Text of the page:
To Kill A Journalist – Again?
By Marta Dyczok, Associate Professor of History and Political Science, University of Western Ontario
Imagine browsing a newspaper one day and finding an article by a fellow journalist speculating that you might be the target for a killing. This happened to Serhiy Leshchenko on January 26, 2011. The Ukrainian newspaper, Izvestiya in Ukraine, ran the following headline: To Kill A Journalist. Who Is Destabilizing the Yanukovych Presidency and How?
The story was written by Viacheslav Pikhovshek, known for censoring and distorting TV news during former President Leonid Kuchma’s regime. Now he is again toeing the official line – that talk of censorship is just an anti-Yanukovych plot. In Izvestiya he wrote: “The plan to discredit Victor Yanukovych lacks a finishing touch, some sort of culminating moment that would definitively label him an ‘anti-democrat.’ … This could even be the killing of a journalist, a la Heorhii Gongadze. I think that for the role of the victim they might choose Serhiy Leshchenko, a journalist who works for Ukrayinska Pravda, naturally without his agreement.” http://izvestia.com.ua/ru/article/1515
This thinly veiled threat is aimed at the internet journalist because he undermines state efforts to sanitize the news. Thanks to Leshchenko, Ukrainians (and the world) got to see a flying wreath that almost knocked down their President in May 2010, when Russian President Dmitri Medvedev was visiting. The President’s men tried to quash the almost cartoon-like comical video footage, but Ukrayinska Pravda posted it on-line and the YouTube video quickly went viral. (http://www.youtube.com/watch?v=yPoYDfImnQU&feature=related)
Or imagine how Yanukovych’s wife, Liudmyla, must have felt when a group of 20 elderly women picketed near the Presidential Administration. They were demanding that she be released from house arrest and later elected her honorary leader of their assembly, “Respect the Rights of Elderly Women.”
The organization does not exist. But it allegedly organized the rally in support of her rights. In reality, it was a “special op” launched by journalist Kostiantyn Usov. He wanted to show how easy it is to rent a crowd in Ukraine and get media coverage for a completely fictitious organization or cause. He called it an ‘experiment’ and posted the whole thing on YouTube. (http://www.telekritika.ua/redpolitics/2011-02-07/59891)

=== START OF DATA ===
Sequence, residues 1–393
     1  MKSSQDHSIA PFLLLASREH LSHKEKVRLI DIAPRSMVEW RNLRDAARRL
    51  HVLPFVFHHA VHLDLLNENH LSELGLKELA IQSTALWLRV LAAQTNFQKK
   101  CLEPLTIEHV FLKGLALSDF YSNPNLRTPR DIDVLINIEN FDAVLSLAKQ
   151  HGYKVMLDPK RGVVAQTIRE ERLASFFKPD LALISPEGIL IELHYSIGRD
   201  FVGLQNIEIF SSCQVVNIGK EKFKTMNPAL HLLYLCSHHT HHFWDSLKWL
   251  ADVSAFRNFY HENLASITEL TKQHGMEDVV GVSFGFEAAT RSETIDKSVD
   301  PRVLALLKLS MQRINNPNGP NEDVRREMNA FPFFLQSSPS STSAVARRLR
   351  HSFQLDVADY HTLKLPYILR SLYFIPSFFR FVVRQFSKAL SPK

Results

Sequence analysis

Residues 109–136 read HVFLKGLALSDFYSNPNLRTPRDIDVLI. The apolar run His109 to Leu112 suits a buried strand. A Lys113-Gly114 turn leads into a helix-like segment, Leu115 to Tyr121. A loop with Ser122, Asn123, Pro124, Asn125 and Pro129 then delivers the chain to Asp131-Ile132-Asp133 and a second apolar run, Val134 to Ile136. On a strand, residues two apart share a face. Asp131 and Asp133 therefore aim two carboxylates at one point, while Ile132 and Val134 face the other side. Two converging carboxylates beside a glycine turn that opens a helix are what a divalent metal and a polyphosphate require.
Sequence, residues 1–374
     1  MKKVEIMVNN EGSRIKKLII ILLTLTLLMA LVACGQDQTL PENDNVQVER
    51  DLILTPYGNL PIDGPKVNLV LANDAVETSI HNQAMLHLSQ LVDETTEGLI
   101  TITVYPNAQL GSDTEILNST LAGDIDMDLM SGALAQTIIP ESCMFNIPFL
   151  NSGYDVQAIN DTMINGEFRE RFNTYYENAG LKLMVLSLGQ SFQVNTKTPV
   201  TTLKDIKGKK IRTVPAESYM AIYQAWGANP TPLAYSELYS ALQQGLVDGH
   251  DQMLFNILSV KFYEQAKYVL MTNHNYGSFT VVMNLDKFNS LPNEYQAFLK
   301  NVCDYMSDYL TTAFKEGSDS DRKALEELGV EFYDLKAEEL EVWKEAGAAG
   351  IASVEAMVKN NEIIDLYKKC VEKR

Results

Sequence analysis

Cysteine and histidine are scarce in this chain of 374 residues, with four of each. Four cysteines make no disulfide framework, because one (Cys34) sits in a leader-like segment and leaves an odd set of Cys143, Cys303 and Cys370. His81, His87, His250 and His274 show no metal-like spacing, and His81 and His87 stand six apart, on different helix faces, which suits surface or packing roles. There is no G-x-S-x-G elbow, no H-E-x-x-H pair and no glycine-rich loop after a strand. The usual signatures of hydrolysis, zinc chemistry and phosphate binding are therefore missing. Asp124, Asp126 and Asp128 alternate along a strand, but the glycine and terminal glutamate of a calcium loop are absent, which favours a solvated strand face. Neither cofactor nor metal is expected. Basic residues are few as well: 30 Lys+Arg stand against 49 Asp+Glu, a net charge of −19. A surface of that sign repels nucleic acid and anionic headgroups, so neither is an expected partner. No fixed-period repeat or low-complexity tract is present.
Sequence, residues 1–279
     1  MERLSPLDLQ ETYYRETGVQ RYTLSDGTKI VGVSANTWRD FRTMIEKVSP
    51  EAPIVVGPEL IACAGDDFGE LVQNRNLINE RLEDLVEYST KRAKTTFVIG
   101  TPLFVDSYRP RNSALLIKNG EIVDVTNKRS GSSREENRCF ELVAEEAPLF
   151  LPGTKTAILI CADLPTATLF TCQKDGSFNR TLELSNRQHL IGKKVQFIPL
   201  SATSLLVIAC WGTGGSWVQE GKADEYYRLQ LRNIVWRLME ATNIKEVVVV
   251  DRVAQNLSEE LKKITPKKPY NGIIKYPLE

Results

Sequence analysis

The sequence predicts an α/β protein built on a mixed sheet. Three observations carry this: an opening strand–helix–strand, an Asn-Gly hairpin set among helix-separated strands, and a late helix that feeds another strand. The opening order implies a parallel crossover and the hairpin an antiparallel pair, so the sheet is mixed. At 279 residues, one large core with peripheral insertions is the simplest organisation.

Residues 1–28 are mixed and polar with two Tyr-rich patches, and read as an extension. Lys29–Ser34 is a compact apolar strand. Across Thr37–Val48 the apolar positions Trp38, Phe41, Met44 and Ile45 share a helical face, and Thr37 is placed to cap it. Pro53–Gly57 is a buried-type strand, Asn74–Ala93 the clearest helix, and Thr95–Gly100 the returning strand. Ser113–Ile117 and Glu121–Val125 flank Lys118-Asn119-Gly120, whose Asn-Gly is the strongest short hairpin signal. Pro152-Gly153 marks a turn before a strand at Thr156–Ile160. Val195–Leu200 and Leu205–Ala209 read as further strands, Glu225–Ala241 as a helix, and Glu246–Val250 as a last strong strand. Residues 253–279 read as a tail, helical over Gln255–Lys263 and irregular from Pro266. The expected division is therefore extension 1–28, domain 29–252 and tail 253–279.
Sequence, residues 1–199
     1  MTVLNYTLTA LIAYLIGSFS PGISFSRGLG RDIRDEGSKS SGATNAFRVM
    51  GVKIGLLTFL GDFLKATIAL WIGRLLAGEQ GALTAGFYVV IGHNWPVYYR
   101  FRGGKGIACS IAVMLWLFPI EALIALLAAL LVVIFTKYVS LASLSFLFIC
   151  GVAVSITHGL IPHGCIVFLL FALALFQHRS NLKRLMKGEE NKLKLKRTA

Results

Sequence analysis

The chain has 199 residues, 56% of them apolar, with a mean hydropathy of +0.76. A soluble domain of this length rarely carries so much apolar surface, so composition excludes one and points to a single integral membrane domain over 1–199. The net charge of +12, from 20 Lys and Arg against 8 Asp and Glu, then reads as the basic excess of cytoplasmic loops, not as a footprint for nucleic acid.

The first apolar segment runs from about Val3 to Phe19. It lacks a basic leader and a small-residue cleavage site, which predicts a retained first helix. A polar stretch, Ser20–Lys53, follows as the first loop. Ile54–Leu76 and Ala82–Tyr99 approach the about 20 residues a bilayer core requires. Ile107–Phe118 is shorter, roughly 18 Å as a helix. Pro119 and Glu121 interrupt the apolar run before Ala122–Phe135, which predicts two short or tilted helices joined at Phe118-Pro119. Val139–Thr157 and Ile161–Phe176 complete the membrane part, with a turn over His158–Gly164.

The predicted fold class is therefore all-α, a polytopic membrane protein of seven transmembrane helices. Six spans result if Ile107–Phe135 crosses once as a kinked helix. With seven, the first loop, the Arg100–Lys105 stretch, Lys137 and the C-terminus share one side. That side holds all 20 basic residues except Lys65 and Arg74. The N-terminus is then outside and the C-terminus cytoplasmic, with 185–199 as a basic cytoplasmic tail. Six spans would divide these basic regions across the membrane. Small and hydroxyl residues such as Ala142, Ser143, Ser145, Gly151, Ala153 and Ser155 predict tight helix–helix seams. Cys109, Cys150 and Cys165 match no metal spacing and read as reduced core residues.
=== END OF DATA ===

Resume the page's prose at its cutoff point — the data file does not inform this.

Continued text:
Now try to imagine living in Ukraine. After one year of Yanukovych as president, creeping censorship has replaced the widely praised free speech of the Yushchenko era. However, as these stories show, things are not as black and white as they are often presented: most Ukrainians understand that their free speech is under threat, along with many other rights and freedoms to which they had grown accustomed. Yet they are responding in different ways.
Some are actively fighting back – like the group of journalists that created an organization called Stop Censorship. Starting last May, they have sounded the alarm and protested against pressures from the state and media owners. Others are putting their heads down, doing as they are told, or even working for the establishment.
The state continues to insist that there is no censorship, to the point of looking ridiculous. Recently, Prime Minister Mykola Azarov quipped that his predecessor, Yulia Tymoshenko, appears on TV five times more often than he does. This is true, but mainly because she is being accused of corruption. (http://www.interfax.com.ua/ukr/main/61121/)
One can’t help wondering whether Yanukovych and his team understand that the society they are trying to govern is complex, diverse, and not easily fooled. TV journalist Andriy Kulykov recently pointed out that the establishment seems to have trouble believing that some media professionals like Leshchenko are motivated by values rather than money and power. (http://osvita.telekritika.ua/material/1632)